How to listen to trees
Written by David George Haskell
David Haskell is the author of prize-winning books The Forest Unseen and The Songs of Trees, and is a professor at the University of the South in Sewanee, TN. His work reminds us that life’s substance and beauty emerge from relationship and interdependence. Find out more at dghaskell.com.
Trees are sensual beings, if only we take time to notice. Wind evokes their many voices. Their textures and aromas await our attention. Everyone can attend to trees in a multitude of different ways and in doing so, feel better connected to the community of life.
Rub a leaf between your fingers. Stroke the bark of an old oak. Tap the wood of a fallen branch. Through touch we hear the materiality of trees, their textures and resonances.
Rest your hands on the tree trunk and wait for the subtle vibrations to come. Often, we hear only stillness. But near a busy road or in a tree stirred by wind, we feel the vibratory energy of the world flowing in wood. Do the same with an accelerometer app on a smartphone and see the tree’s wave buck and shimmer.
In the wind
Every species has its voice. Every individual has its inflections. A gust in a pine tree is deeper, softer than the same wind in an oak. A maple with a dense crown speaks with more vigour than one whose canopy is spindly. The young leaves of spring have an aural gentleness absent in the burliness of late summer.
On rainy days
The many moods of rain are revealed to us by trees. Each leaf is a drum skin. Every twig and flake of bark a percussive surface. How do the fat drops of a summer rain shower differ from misty sprinkles? In winter, turn your ears to the silvery shimmer of falling ice among twigs.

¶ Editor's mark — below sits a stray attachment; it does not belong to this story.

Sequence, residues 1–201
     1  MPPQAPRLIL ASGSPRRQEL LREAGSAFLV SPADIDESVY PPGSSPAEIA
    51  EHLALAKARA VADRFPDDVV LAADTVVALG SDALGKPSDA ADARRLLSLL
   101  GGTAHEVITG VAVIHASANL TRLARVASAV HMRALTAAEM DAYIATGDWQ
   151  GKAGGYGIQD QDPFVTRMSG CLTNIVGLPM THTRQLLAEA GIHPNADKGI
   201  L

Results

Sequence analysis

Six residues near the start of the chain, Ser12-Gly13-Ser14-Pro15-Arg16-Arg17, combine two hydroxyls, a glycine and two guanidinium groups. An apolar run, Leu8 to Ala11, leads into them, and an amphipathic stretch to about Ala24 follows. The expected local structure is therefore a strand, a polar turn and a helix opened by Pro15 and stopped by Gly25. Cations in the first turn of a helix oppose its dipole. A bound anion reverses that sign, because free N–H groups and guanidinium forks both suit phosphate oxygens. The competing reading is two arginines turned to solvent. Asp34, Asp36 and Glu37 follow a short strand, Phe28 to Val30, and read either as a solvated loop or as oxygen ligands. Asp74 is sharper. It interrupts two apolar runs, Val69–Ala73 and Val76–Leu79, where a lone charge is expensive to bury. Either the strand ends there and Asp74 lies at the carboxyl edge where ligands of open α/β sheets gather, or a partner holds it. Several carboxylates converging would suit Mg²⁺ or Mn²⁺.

Learn from the woodpeckers and listen for clicks and rasps under the bark. Press your ear to the tree and hear the sound of beetle larvae and carpenter bees munching on wood. In the canopy, caterpillars chew on leaves. The tree listens too, releasing defensive chemicals when it feels the vibration of their jaws.
With eyes closed, our sense of smell is heightened. The bite of pine resin. The glow of fir. From the roots, the plump aroma of loam. Leaves, depending on the species, are tannic, spicy, or like fresh baby lettuce. A change in the weather brings new smells, the chemical language of trees.
People gather under trees to talk, chat, confer, and confide. Across the world, trees are like magnets, gathering us under their branches. They are champion networkers, drawing together all forest beings. Our conversations are part of that sylvan social network.
The oxygen we inhale came from trees and the oceans. We exhale and leaves snatch our unwanted carbon dioxide, then lodge it in wood, a timbered memory of breath. Breathing is the sound of the reciprocal partnerships that knit us all.
How to listen to trees by David George Haskell